As Federal Reserve officials increasingly indicate a desire to begin raising interest rates around mid-year, Jeremy Siegel, professor of finance at University of Pennsylvania, offers a note of caution.
"I personally think that is too soon," he tells CNBC
referring to a June starting point. "Everyone talks about how strong the employment reports are, the payroll reports. What they're not talking about is how amazingly weak GDP growth is in light of this strong employment."
Non-farm payrolls rose by a larger amount in the past three months than any other such period in the last 17 years. Meanwhile, the economy grew 2.4 percent in 2014, its strongest expansion since 2010.
"We've just had terrible productivity growth. We are trying to explain it. That concerns me a little bit," Siegel notes. Productivity fell an annualized 1.8 percent in the fourth quarter.
"I think it would be premature for the Fed to say everything's fine," he argues, adding that given current data, the Fed should wait until the end of summer to raise rates.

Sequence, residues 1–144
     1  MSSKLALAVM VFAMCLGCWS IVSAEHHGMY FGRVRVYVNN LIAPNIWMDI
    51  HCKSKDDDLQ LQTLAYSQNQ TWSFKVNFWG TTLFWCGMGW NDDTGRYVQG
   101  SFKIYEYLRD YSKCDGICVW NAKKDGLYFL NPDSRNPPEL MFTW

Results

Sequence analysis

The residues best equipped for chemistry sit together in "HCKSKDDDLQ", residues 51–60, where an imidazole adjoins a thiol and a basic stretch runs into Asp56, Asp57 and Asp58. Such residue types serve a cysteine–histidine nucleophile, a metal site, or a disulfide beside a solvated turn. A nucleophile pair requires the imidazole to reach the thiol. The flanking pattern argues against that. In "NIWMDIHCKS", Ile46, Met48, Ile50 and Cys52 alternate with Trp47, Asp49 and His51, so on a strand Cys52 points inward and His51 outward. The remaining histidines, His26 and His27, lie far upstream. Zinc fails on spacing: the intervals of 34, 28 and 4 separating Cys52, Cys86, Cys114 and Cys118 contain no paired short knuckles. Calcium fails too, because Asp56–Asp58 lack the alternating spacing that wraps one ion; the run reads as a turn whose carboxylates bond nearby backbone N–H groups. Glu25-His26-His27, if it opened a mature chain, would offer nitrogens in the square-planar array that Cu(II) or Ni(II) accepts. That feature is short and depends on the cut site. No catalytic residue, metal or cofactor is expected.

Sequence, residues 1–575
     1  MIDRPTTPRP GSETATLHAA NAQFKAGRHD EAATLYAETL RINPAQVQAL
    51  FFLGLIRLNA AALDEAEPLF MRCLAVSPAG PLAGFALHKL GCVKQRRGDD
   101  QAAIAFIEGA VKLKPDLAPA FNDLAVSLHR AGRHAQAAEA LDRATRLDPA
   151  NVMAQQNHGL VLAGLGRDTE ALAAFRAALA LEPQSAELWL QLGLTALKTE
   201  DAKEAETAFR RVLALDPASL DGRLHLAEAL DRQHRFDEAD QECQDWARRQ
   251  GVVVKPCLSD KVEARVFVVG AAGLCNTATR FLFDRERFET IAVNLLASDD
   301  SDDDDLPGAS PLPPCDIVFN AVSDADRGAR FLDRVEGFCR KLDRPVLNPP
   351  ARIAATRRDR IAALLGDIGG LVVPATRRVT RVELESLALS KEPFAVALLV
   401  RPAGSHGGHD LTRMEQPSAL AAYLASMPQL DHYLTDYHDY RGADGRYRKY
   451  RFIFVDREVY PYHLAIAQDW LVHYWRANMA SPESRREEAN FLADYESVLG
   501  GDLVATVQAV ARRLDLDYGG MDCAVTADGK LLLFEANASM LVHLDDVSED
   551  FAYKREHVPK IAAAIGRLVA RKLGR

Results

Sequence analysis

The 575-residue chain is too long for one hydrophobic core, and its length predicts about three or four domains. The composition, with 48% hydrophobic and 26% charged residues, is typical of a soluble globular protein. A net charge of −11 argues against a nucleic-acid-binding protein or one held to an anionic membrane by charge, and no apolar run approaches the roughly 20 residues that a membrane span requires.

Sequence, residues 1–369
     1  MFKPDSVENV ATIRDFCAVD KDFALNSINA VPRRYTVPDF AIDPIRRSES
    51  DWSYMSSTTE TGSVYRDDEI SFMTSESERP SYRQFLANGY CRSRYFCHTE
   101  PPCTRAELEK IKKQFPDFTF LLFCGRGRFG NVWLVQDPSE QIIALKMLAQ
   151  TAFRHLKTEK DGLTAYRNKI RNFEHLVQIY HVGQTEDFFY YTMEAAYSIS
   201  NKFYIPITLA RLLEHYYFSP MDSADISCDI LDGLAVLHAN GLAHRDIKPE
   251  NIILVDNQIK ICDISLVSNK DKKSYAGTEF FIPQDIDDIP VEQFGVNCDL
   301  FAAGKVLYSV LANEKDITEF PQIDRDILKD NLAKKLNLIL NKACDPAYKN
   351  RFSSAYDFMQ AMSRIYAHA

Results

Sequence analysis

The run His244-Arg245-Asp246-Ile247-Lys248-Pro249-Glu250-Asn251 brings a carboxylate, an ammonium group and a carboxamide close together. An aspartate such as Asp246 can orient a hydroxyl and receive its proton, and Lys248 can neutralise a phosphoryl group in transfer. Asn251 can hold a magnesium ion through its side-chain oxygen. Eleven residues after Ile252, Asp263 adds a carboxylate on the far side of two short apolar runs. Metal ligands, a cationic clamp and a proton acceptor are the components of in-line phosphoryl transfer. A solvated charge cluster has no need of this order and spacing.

"I want to see growth better. I don't want to see the dollar continuing to rise because there are some economists that estimated the dollar increase — that negative effect on exports — offsets a lot of the good effect of lower oil prices and gasoline prices," Siegel adds.
"It's great the dollar is going up. We buy cheaper stuff abroad. It shows the promise of the U.S., but that does have economic effects."
Meanwhile, David Kotok, chief investment officer of Cumberland Advisors, isn't too impressed with the calls by some Republicans in Congress to audit the Fed. "The clamor to audit the Fed is an example of senators talking out of both sides of their mouths," he writes an article for Barron's
"They want to audit the Fed? Perhaps they should start by auditing the United States Senate, where the ratio of misleading political blustering to rational and constructive action confirms that we are suffering a national political intelligence deficit of alarming proportions."
The idea that we need to audit the Fed implies that the Fed's presentation of its balance sheet is inaccurate, Kotok notes. It announced last week that the balance sheet totals $4.5 trillion.
"That notion is absurd," he states. "When it comes to accounting issues, the Fed is already audited just like any arm of the federal government. In fact, the Fed is an arm of the government with 100 years of history and is a creature created by act of Congress."
Bottom line: "Audit the Fed is a farce," Kotok argues. "Its proponents know it."
© 2021 Newsmax Finance. All rights reserved.